Don Erasmo Seguin

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Don Erasmo Seguin  (1908) 
by J. M. Woods

Don Erasmo Seguin

A Spanish Aristocrat, a trusted Agent of Governor Martinez, a Counselor of Stephen F. Austin, an able Deputy of the Mexican State of Texas to the National Congress, a Patriot of the Republic of Texas and a loyal Citizen of the American Commonwealth.



(All Rights Reserved)

Don Erasmo Seguin

From the study of the glamorous deeds of laudable characters of the past there emanates a spirit of exaltation that lifts the mind above the disappointments and the confusing mists of today; there is revealed a conception of the eternal achievement of The Great Architect of the Universe which He wrought out of the strife and turmoil of centuries and there comes to the student a purification of his soul, higher, purer and more unselfish aspirations because of which he should be the better enabled to discharge the purposes for his creation—which are to honor his God, serve his Country and benefit his Fellowmen.

As Texans we are at this time chiefly interested in the entrancing, marvelous story of The Lone Star State, worthy as it is of the pen of a Macaulay, a Prescott, or a Ridpath; but the songs of the bravery of its men, the glory of its women, and the high idealism, the hardihood and audacity of its people in the face of privations, overwhelming numbers, arms and munitions of war, defeat, and massacre are yet to be sung in their full beauty, melody and grandeur!

The City of Seguin and Guadalupe County are definitely and securely linked in many ways and through the sacrifices of their gallant dead with the traditions, the glories and the unselfish devotion of the heroic pioneers of Texas, they being a composite of different races with multiform characteristics, and yet the full story of their intricate connection with one of the most enthralling characters of Texas history has not yet been told!

Guadalupe County (so named after the Guadalupe River which flows through it from its northwest to its southeast corners, it having been discovered and so named in 1689 by Count de Leon while marching from Monclavia, Mexico to exterminate the French settlement on Matagorda Bay—a colorful account of this occurence being set forth in his "Memories de Nueva Espana") has in the name of its County Seat preserved to future generations the identity of one of the most noteworthy personages of the period in which he lived, one who by the force of his character, the greatness of his vision and the generosity of his nature proved himself to be one of the grandest figures of Texas history!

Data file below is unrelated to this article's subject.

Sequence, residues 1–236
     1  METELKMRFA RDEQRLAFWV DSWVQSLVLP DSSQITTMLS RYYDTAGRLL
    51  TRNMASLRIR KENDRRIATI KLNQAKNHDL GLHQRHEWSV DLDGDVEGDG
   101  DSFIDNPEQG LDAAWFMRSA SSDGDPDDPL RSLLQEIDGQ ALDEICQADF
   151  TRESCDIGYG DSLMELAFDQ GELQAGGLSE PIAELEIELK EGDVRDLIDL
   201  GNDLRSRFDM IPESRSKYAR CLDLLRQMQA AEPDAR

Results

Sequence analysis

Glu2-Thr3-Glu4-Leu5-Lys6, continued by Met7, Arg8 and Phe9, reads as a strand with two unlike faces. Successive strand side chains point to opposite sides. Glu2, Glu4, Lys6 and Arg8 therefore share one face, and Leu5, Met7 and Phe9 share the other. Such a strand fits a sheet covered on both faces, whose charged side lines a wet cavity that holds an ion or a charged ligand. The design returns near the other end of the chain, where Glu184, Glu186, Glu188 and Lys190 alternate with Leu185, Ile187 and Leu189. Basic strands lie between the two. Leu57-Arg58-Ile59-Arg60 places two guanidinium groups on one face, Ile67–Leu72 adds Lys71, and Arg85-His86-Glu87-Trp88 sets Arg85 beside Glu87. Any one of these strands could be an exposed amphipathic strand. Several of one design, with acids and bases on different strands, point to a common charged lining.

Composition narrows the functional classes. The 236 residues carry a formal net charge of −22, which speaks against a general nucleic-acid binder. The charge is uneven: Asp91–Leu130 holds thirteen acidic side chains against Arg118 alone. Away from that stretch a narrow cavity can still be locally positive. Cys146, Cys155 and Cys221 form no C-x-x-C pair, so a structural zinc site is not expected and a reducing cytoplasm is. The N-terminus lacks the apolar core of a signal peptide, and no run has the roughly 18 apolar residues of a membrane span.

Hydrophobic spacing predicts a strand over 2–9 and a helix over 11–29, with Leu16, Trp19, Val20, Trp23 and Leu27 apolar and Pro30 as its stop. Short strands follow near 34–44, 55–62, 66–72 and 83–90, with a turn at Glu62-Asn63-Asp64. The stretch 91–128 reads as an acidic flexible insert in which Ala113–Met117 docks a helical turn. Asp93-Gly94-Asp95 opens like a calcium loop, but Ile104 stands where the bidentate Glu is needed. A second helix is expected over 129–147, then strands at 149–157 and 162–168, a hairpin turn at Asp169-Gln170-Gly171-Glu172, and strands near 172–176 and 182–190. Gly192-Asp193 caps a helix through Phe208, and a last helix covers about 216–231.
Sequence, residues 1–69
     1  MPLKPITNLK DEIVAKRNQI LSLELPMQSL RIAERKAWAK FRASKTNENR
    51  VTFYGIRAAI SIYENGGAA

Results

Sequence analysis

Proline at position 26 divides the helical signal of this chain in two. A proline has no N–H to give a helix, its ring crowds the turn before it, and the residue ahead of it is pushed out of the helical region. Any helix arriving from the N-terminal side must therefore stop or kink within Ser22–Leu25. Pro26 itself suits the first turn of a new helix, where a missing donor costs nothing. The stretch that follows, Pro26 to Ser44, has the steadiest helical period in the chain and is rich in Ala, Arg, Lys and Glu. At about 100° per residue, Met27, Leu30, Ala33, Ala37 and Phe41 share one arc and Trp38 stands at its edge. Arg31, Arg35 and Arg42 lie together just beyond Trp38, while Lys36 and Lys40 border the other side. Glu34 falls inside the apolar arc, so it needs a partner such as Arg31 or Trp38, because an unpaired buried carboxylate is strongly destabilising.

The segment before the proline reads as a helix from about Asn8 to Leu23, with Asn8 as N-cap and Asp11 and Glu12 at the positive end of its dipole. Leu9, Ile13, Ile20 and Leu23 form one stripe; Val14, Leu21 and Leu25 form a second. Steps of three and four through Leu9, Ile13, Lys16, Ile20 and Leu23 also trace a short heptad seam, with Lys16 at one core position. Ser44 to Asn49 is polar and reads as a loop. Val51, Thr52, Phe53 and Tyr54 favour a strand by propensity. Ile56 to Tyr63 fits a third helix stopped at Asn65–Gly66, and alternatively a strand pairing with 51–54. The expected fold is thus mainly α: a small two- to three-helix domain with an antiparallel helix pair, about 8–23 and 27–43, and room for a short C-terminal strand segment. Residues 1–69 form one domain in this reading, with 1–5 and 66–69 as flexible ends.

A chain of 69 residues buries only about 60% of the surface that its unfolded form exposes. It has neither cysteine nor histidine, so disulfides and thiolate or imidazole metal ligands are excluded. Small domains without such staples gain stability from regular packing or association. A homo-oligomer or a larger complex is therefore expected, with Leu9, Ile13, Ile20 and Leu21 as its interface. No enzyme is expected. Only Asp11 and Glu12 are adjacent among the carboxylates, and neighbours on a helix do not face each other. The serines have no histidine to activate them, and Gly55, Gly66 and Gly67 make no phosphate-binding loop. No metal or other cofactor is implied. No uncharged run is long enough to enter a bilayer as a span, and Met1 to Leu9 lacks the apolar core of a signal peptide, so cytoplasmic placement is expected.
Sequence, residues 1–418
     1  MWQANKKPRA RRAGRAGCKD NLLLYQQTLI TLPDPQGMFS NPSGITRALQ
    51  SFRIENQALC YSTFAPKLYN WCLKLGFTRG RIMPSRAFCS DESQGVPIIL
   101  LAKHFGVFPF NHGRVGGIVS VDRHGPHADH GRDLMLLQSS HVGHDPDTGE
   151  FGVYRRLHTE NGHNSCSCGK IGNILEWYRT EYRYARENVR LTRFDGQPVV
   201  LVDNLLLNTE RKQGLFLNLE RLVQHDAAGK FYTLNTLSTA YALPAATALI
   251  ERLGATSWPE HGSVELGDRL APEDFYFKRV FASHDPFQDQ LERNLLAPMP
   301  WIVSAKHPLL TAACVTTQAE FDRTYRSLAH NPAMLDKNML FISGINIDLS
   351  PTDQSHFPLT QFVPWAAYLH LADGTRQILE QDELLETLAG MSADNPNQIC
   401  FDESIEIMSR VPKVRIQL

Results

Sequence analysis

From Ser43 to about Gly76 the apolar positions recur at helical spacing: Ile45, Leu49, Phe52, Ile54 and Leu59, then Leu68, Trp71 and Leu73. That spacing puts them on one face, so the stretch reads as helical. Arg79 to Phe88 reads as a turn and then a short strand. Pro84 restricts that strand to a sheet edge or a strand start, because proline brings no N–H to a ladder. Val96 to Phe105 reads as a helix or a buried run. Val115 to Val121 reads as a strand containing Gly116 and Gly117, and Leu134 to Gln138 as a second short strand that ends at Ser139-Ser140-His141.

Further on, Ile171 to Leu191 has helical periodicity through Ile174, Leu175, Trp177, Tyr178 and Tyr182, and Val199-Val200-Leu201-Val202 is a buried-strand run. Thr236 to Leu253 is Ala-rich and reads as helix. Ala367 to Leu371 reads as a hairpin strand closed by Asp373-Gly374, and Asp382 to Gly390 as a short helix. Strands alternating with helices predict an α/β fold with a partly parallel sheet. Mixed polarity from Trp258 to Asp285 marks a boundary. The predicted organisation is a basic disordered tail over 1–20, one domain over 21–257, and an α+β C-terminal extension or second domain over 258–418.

Largely by reason of the fact that an oil portrait of Juan N. Seguin was presented to the City of Seguin a number of years ago by his devoted son, he sharing his fathers political views and being for many years a citizen and resident of the Republic of Mexico, the erroneous impression was created, and has been quite generally accepted, that when the name of the town was changed from "Walnut Springs" to that of "Seguin" that it was done to revere the memory of Juan M. Seguin; but such was not the case.

It is true that Juan N. Seguin, a son of Don Erasmo Seguin, was a prominent figure in early Texas history, he entered the Alamo with Travis; he was sent to Goliad to raise reinforcements and thereby escaped the massacre; he joined Houston on the Guadalupe and fought rear-guard actions with the advance forces of Santa Anna all the way to the Brazos; and on the immortal field of San Jacinto he commanded a company of Texans-born Mexicans and gallantly led them in the charge of the Army of Independence which was the motive force that created a new Republic and gave to an oppressed people the priceless blessings of liberty!

As a colonel in the Texas Army and under Houston's orders Juan N. Seguin returned to San Antonio and reverently gave Christian burial to the sacred remains of the devoted champions of freedom who had so courageously sacrificed their lives as burnt offerings upon the altar of Liberty, thereby fanning to white heat the wavering spark of independence in the hearts of the people of Texas!

Following the proper performance of this duty he was placed in command of the military forces at San Antonio, and when, because of the exposed position of the city, the general staff decreed its destruction and the transfer of the inhabitants to the east side of the Guadalupe River, Seguin so earnestly protested that the order was rescinded.

Later he represented Bexar County in the Senate of the Republic. He was ambitious for higher political honors which he felt that he could attain if Texas remained a Republic, but which could not be acquired if it was annexed to the American Union, and he vigorously opposed annexation. He felt that in political matters he was discriminated against and was mistreated by the Anglo-Saxons of Texas. He foreswore his allegiance to Texas, moved to Mexico and fought under her flag against the Texans and later the Americans dying a citizen of Mexico.

As a matter of fact, the town of Seguin was so named to commemorate the record of the father of Juan N. Seguin, Don Erasmo Seguin, of whom the historian Thrall said, "He was a high-tone gentleman of truly honorable and patriotic sentiments."

In 1831 Humphreys Branch, a Green DeWitt Colonist, located his League and Labor of land, upon a portion of which the City of Seguin is situated, moved onto it in 1832 and built the first house on the banks of Walnut Branch (the former name of the City of Seguin in 1833.

In 1834 Humphreys Branch sold a portion of his League. The Texas Revolution temporarily arrested the development of the country, but in 1838 the Town of Walnut Springs was layed out and a form of government organized.